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develop and state specific strategies to be employed. During the next training opportunity, the training team will monitor the efficacy of these strategies and provide feedback to the crew when necessary.

11.8. MCC Flight Controller SFRM Training Because shuttle flight crews rely on the direction and expertise of mission control as their primary external resource, bringing SFRM training to the flight control community was the next logical step for expansion of the SFRM program. Not until the instructor training was complete and astronaut training well established did the SFRM team begin to solicit flight control managers to audit the SFRM classes. It did not take more than a few sessions before many managers began to ask the SFRM team to develop a class tailored for flight controllers. To baseline those already fully certified having a basic understanding of CRM concepts, the SFRM Applied Methods for MCC course was developed. The primary objectives of this class are to operationalize the essential concepts behind the SFRM skills and to practice SFRM skill observation, assessment and debrief critiques. This class is taught from a flight controller perspective, and combines the core content of the SFRM Overview (less the movie clips) with all of the actual space flight examples from the SFRM Applied Methods course. As a result of the support and acceptance from NASA management, the flight control community included SFRM training as a required course of instruction for all those seeking certification as a NASA shuttle flight controller. All new hires aspiring to become flight controllers attend the SFRM Overview class during the first month of working at NASA and take SFRM Applied Methods for MCC as they near certification.

11.9. Space Shuttle Maintenance SFRM Training Through the SFRM team’s invitation to reach out to interested parties, word soon spread to other NASA organizations of the SFRM program and its positive results. Looking for ways to engrain CRM principles into the space shuttle vehicle maintenance processes, members from the Human Factors Engineering Group at the KSC attended the SFRM classes. Members from the SFRM and KSC development teams worked together to discover ways to bring the SFRM training to vehicle maintenance personnel. The KSC training group provides a customized version of the SFRM Overview to newly hired shuttle maintenance personnel.

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11.10. SFRM for Space Station Flight Control While the shuttle SFRM training was well under way with the primary focus of SFRM reinforcement and debrief facilitation, International Space Station (ISS) instructors began taking the SFRM Applied Methods for MCC and Facilitation classes. The SFRM team was comprised of members from the Shuttle Guidance & Control/Propulsion group within the Space Flight Training Division. As space flight examples were developed for the Applied Methods and Facilitation classes, the team drew from the flight and training examples that were germane to shuttle operations. Additionally, to fit the case studies within a reasonable class time, examples from dynamic flight phases were targeted because they developed much more quickly than those during more quiescent orbit operations. Clear differences in operational philosophy exist between the Space Shuttle and ISS Programs. As the class composition began to be more heavily weighted toward ISS personnel, it became apparent that students were losing the desired operational relevance from the training. ISS instructors formed an ISS SFRM working group and began researching ways to tailor the SFRM training to ISS operations. Drawing from the original SFRM team’s lessons learned and training philosophy, ISS instructors began to mirror the initial development efforts used by the team eight years earlier. In late 2006, the team gathered ISS flight controller survey data and began industry benchmarking several 24/7 operational control centers. The data enabled the team to develop a customized ISS SFRM model. The genesis for SFRM training within the ISS flight control community came when the team was given direction from NASA management to examine ways of increasing the efficiency in ISS flight controller training (Baldwin, 2008).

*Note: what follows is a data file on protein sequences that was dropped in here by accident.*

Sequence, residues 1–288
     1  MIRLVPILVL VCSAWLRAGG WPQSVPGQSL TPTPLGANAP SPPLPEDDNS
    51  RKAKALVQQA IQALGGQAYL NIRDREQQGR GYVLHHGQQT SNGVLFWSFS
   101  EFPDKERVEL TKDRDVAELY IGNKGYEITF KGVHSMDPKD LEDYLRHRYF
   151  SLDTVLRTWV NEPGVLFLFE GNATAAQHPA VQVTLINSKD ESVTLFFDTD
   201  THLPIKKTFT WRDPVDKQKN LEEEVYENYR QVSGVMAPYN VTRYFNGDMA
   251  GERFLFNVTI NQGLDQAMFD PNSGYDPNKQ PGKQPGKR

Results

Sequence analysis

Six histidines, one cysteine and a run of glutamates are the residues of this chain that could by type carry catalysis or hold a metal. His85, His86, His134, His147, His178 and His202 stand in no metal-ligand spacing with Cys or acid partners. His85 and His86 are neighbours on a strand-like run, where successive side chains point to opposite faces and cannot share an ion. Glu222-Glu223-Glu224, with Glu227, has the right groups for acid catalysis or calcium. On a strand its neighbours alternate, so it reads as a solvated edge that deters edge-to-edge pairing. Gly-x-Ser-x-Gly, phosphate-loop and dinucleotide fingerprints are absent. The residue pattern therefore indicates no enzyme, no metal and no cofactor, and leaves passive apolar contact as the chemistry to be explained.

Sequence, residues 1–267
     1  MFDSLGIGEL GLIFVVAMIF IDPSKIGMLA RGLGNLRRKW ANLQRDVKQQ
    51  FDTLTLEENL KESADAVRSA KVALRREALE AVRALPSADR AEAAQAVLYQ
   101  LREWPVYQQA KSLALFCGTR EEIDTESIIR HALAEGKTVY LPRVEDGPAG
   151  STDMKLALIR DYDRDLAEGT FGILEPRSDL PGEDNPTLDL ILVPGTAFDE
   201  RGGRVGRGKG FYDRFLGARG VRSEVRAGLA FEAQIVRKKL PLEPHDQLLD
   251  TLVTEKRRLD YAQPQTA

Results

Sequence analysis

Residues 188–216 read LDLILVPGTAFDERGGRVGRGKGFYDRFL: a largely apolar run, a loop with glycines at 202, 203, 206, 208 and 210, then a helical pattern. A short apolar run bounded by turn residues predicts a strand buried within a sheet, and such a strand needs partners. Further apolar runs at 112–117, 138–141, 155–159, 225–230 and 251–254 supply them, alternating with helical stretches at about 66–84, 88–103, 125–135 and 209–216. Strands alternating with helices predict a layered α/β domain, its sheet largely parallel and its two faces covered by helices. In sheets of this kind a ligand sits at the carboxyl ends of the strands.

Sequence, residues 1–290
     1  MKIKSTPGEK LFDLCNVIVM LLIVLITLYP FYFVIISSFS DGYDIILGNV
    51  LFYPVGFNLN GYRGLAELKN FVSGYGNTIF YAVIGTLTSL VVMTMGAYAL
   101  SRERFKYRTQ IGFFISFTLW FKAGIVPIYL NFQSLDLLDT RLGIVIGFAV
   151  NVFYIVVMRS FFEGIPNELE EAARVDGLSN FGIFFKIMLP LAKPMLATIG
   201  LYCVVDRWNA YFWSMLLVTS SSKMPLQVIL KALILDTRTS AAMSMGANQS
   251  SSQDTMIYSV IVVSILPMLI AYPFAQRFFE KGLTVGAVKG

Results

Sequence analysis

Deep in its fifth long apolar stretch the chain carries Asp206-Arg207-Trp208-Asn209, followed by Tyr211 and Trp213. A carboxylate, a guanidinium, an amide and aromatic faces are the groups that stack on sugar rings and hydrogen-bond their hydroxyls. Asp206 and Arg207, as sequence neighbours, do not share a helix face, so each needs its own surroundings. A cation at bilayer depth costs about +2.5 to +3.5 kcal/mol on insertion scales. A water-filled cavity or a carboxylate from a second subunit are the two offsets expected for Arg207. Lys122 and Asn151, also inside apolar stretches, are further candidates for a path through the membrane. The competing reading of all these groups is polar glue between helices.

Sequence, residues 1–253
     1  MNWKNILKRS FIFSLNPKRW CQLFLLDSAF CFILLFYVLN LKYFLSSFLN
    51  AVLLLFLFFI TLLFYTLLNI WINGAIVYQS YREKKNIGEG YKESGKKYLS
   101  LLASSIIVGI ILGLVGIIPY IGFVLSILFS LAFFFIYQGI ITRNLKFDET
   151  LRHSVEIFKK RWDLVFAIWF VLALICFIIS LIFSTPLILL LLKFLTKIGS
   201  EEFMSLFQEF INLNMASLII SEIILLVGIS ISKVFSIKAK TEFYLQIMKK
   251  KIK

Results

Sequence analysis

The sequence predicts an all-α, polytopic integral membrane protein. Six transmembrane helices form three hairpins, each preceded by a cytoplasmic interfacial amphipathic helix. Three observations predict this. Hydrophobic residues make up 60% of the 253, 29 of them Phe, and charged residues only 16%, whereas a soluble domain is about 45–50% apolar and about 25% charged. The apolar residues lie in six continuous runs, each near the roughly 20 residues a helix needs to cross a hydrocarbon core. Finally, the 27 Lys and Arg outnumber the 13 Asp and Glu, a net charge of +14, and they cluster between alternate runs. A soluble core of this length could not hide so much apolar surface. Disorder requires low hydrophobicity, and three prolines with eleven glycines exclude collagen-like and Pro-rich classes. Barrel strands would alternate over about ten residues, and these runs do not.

11.11. SFRM for Management In 2004, a year after the Columbia accident, two members from the original shuttle SFRM team changed jobs from shuttle spaceflight training to shuttle Safety & Mission Assurance (S&MA). As contractors charged with providing NASA with independent safety oversight, shuttle S&MA also provides assessments, briefings and support to program-level NASA management. After the release of the Columbia Accident Investigation Board (CAIB) report, the Space Shuttle Program (SSP) began an intensive training program for Mission Management Team members that included outsourced leadership, critical decisionmaking and CRM classes. Two and a half years later, the MMT that emerged during the STS-114 Return-to-Flight mission represented a team far superior to what they had been prior to the Columbia accident.